Corporate capture of the Latin American medical cannabis market
In recent years, more than a dozen countries in Latin America and the Caribbean (LAC) have promoted some form of regulation of the medicinal use of cannabis, following the worldwide trend of relaxing the prohibition of the plant.
Such regulations are at different stages of development and have distinct characteristics, but they are similar in their pro-profit commercial orientation, which has stimulated the structuring of a regional production and consumption chain connected to the international dynamics of this new market. According to some reports, in 2020 the global medical cannabis market was worth US$9 billion and could reach US$49 billion by 2028, with an annual growth of 24%. The Latin American medicinal cannabis market is predicted to follow the same trajectory. It is estimated that this market represented US$1.2 billion in 2022 and is expected to reach US$3.75 billion in 2027, based on the same global annual growth rate.
A growing number of transnational corporations (TNCs), especially from Canada and the US, view this new Latin American regional market as a great business opportunity. Low taxes, unprotective and undemanding labour laws, low labour costs, a favourable climate for growing cannabis, affordable land, infrastructure and inputs for the cultivation and manufacture of cannabis products have all attracted this corporate interest. Several of these corporations have made direct investments in countries across the LAC region, establishing partnerships of different types with local companies in order to obtain commercial advantages for growing cannabis at low cost to manufacture their products either for export or for expanding their consumer market.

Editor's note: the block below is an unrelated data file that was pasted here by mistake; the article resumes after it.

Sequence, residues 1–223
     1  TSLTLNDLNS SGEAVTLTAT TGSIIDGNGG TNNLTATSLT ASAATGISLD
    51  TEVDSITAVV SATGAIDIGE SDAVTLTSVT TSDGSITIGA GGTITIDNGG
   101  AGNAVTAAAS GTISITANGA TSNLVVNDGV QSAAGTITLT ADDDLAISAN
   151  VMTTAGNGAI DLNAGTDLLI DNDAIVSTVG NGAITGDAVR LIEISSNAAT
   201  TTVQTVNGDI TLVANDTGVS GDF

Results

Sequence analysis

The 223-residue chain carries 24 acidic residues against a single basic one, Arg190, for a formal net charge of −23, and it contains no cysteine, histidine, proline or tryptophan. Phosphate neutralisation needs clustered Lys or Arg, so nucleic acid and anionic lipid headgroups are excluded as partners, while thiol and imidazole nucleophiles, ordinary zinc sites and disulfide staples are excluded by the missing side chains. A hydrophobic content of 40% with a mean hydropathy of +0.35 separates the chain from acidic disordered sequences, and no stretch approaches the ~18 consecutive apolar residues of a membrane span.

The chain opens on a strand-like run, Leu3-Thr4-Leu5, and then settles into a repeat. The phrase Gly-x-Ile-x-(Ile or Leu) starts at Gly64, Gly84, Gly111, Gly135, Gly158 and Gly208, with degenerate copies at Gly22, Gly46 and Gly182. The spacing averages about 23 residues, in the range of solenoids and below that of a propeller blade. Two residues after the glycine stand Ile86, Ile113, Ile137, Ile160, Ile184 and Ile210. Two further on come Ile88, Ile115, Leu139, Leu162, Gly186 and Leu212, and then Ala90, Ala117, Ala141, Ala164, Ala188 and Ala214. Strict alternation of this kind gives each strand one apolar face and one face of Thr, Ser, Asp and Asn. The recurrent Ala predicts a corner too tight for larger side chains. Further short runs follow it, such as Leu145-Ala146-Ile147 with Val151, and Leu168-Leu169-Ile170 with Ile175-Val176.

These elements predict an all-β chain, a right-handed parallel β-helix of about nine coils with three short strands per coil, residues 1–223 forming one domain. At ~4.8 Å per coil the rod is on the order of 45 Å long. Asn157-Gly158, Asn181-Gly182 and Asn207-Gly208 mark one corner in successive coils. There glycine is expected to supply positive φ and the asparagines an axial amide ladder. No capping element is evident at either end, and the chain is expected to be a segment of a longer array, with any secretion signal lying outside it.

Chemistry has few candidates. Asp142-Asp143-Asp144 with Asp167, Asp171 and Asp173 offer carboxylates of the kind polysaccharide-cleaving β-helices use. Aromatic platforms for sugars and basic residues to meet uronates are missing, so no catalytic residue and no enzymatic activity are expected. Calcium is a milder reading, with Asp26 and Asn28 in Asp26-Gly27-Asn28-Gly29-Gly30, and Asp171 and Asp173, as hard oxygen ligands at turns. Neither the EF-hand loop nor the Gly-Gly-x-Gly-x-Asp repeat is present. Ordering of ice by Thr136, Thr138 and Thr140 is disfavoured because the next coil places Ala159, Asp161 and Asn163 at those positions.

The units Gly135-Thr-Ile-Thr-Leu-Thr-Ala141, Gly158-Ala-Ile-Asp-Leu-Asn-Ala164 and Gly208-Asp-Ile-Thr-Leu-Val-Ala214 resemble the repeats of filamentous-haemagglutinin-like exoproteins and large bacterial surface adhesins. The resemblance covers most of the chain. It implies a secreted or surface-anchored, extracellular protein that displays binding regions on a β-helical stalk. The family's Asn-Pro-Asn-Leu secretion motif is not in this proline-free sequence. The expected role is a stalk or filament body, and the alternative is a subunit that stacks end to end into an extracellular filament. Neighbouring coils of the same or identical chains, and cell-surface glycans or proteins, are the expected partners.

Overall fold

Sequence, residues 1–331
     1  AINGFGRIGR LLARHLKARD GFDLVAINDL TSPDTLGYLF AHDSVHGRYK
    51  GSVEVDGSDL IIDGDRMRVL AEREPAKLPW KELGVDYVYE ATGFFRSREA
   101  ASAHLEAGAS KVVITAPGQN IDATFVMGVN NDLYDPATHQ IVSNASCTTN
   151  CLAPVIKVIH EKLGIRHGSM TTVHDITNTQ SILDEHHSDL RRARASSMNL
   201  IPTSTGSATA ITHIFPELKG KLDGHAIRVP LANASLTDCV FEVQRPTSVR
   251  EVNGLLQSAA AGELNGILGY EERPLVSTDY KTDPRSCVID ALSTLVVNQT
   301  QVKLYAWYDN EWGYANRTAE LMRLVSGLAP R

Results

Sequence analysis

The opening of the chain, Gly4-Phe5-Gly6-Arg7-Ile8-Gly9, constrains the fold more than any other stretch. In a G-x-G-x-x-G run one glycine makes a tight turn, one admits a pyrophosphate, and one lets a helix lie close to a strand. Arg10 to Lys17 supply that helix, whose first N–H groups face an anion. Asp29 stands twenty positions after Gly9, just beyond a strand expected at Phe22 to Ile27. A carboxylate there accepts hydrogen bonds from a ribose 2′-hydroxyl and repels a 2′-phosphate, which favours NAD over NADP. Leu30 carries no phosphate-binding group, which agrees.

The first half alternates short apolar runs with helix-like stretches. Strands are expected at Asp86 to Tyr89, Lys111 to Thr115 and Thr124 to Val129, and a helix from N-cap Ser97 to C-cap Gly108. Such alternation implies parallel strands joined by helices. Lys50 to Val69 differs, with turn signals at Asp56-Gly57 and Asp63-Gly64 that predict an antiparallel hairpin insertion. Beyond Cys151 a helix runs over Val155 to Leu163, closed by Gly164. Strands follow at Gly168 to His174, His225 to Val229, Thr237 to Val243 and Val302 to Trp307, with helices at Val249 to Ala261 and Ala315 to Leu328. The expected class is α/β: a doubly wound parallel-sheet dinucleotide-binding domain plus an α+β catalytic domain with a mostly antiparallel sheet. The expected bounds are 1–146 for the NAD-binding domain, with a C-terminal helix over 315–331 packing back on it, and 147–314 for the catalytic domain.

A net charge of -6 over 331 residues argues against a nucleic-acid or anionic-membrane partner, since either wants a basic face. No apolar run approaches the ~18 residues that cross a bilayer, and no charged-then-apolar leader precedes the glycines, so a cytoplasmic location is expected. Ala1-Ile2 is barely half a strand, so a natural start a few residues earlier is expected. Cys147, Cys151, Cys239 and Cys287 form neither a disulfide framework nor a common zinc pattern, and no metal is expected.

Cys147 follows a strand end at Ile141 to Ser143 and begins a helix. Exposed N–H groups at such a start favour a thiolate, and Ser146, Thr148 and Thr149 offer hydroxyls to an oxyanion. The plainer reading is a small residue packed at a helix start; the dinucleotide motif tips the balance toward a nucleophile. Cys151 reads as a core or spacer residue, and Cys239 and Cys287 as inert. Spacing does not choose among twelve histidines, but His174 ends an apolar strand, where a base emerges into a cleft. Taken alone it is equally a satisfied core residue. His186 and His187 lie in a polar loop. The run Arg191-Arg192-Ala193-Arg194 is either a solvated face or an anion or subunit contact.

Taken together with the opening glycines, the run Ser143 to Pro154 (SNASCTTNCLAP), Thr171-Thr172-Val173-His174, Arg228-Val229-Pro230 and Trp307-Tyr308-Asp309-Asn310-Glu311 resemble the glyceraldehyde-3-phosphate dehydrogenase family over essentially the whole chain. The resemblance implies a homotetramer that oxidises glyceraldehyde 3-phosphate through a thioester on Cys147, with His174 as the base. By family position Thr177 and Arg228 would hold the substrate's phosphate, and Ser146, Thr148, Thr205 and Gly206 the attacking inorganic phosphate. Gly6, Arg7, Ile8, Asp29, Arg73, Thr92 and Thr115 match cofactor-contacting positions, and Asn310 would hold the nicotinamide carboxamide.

This new context of regulations on cannabis for medicinal purposes in Latin America could be a driving force for social justice. It could guarantee a therapeutic alternative for various medical conditions, reflecting scientific research and the positive experience of patients who have used cannabis-derived products for years, particularly CBD-rich oils. It could also be an opportunity to invest in repairing some of the social harms imposed by the long period of prohibition, which focused on the repression of vulnerable social groups involved in the production, commercialisation and consumption of cannabis, and led to incarceration, exclusion, deepening inequalities, corruption, and the like.